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Leading the way to a greener Ivy League, Harvard officials announced last week that the University’s shuttles and maintenance trucks are now running on biodiesel, an environmentally-friendly fuel made from soybean oil.
The new fuel, which emits fewer hydrocarbons, sulfates, carbon dioxide and other greenhouse gases than conventional gasoline, promises to provide a number of environmental and health benefits in a cost-effective way, according to David Harris Jr., general manager of fleet management services and shuttle services for University Operations Services (UOS).
“We researched many options, and biodiesel was clearly the least cost of entry to the cleaner burning alternative fuel market,” Harris said.
Harvard is the first—and currently the only—school in the Ivy League to use biodiesel to fuel its vehicles, although some 400 fleets across the country now use the new fuel, according to a press release issued by the National Biodiesel Board.
Harris said the University’s switch to biodiesel shows a commitment to the community.
“Our shuttle buses drive down the streets of Cambridge past houses and other schools. We have a responsibility to be a good neighbor and be as environmentally-friendly as possible,” he said.
The benefits of using biodiesel are two-fold, Harris said. It reduces pollutants that are potentially harmful to human health and it reduces greenhouse gases, which are thought to be linked to global warming.
This American-made fuel is extremely versatile and can be used in its pure form (B100) or mixed with petroleum diesel.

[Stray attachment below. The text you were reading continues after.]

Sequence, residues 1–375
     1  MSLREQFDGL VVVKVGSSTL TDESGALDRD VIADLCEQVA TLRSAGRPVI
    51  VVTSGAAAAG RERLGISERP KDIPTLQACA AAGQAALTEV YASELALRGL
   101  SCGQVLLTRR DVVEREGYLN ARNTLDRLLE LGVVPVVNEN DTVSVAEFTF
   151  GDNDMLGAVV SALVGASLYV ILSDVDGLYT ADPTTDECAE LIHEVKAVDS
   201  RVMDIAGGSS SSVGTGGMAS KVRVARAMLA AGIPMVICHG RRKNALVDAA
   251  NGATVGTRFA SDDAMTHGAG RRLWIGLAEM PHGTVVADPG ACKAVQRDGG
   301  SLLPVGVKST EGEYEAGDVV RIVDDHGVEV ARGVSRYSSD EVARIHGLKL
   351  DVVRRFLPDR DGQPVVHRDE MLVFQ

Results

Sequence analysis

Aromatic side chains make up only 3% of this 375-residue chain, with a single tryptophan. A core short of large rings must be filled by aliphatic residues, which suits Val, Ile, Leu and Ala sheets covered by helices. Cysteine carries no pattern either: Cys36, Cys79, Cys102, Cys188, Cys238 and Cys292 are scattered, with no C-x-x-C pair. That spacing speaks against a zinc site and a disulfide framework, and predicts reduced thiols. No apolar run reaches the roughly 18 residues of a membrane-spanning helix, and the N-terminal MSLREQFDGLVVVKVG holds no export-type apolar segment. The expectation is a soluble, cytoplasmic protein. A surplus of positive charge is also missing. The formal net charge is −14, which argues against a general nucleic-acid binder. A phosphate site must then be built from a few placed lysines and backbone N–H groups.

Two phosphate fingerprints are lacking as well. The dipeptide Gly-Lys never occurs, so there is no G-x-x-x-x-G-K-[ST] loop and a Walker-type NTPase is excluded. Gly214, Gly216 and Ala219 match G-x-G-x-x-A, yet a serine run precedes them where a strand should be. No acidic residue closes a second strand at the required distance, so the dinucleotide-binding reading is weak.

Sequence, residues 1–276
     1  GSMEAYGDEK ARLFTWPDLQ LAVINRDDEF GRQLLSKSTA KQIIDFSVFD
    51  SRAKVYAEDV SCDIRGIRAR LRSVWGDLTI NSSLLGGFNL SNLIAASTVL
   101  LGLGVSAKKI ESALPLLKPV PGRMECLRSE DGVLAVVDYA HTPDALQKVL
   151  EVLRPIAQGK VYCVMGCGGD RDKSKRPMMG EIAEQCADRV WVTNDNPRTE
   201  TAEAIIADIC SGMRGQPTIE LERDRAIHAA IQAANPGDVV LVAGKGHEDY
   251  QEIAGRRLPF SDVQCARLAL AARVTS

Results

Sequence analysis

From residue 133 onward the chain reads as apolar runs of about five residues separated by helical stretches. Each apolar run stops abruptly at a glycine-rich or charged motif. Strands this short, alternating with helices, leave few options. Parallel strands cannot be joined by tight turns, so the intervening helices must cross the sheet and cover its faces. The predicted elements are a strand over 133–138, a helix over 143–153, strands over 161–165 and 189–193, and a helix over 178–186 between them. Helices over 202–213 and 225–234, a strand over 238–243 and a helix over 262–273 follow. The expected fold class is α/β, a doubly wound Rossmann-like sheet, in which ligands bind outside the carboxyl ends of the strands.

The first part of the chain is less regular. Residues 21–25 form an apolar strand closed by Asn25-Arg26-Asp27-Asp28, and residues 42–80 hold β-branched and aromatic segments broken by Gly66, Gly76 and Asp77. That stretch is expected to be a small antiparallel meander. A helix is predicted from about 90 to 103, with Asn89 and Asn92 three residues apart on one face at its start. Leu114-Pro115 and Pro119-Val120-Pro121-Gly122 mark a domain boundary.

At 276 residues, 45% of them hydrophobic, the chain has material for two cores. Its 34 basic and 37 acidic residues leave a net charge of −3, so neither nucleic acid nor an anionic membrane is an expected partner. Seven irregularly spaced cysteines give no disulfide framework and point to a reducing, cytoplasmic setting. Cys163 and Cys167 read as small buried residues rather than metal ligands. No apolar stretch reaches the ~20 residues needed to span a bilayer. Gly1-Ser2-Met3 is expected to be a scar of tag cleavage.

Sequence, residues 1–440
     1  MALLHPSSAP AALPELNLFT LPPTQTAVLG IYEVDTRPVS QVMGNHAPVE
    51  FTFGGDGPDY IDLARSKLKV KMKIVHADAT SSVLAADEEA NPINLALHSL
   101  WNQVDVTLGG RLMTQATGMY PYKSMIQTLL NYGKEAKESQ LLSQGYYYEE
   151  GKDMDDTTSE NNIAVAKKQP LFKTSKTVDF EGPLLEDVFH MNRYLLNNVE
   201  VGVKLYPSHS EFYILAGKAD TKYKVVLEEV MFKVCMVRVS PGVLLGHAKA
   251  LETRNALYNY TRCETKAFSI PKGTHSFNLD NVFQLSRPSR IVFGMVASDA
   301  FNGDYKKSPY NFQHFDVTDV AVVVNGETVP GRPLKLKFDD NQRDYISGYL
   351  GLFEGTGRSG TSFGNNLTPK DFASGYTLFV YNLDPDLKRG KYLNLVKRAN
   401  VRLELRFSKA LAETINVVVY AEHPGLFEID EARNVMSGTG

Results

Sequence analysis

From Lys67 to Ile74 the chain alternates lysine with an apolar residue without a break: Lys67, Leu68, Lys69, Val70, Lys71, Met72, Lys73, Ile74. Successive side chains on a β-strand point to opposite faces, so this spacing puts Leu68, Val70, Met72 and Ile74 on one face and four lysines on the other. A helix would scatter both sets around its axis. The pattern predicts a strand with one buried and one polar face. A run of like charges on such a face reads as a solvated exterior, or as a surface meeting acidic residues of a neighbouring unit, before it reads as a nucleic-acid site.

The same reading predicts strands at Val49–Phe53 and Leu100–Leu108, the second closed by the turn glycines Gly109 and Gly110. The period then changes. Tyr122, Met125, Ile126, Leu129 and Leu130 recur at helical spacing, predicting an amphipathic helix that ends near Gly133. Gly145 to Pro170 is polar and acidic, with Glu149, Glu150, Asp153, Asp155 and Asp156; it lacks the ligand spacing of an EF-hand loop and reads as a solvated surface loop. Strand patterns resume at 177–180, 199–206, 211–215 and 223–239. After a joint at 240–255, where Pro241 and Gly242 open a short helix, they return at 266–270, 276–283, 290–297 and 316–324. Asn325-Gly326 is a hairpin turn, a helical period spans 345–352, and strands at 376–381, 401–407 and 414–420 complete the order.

Harvard will use B20, a mixture of 20 percent biodiesel and 80 percent diesel, in all 25 of its diesel vehicles and equipment, including shuttle buses and mail, solid waste and recycling trucks.
Before choosing biodiesel, the University assembled a team of researchers led by physics graduate student David M. Thompson to identify alternative fuels that could potentially reduce Harvard’s negative impact on the environment.
During the summer of 2001, Thompson and two research partners performed extensive tests on alternative fuels to determine their effect on urban air pollution and global warming.
In addition to being environmentally-friendly, biodiesel is a convenient and economical alternative fuel, according to Thompson.
“Biodiesel can be pumped into any diesel vehicle, so the only entry cost of the program is the construction of the new fueling station,” he said.
In light of Thompson’s recommendations and a preliminary test of the fuel this summer, the University used $60,000 in fleet management reserve funds to purchase the necessary fuel pumps earlier this year.
The fueling station, located across the river near the football stadium, has been offering Harvard’s diesel vehicles 24-hour refueling services at a wholesale price since its Jan. 5 completion, Harris said.
Harris said that because Harvard vehicles used over 60,000 gallons of diesel last year, he expects to recover the $60,000 in the next five years.
The fueling station will also support UOS during emergency campus maintenance activities, such as the clearing of snow.
As Harvard procures new vehicles, UOS will also look to replace gasoline vehicles, which compose roughly 65 percent of Harvard’s fleet, with diesel vehicles that can utilize the new fueling technology.
—Staff writer Kimberly A. Kicenuik can be reached at email@example.com.
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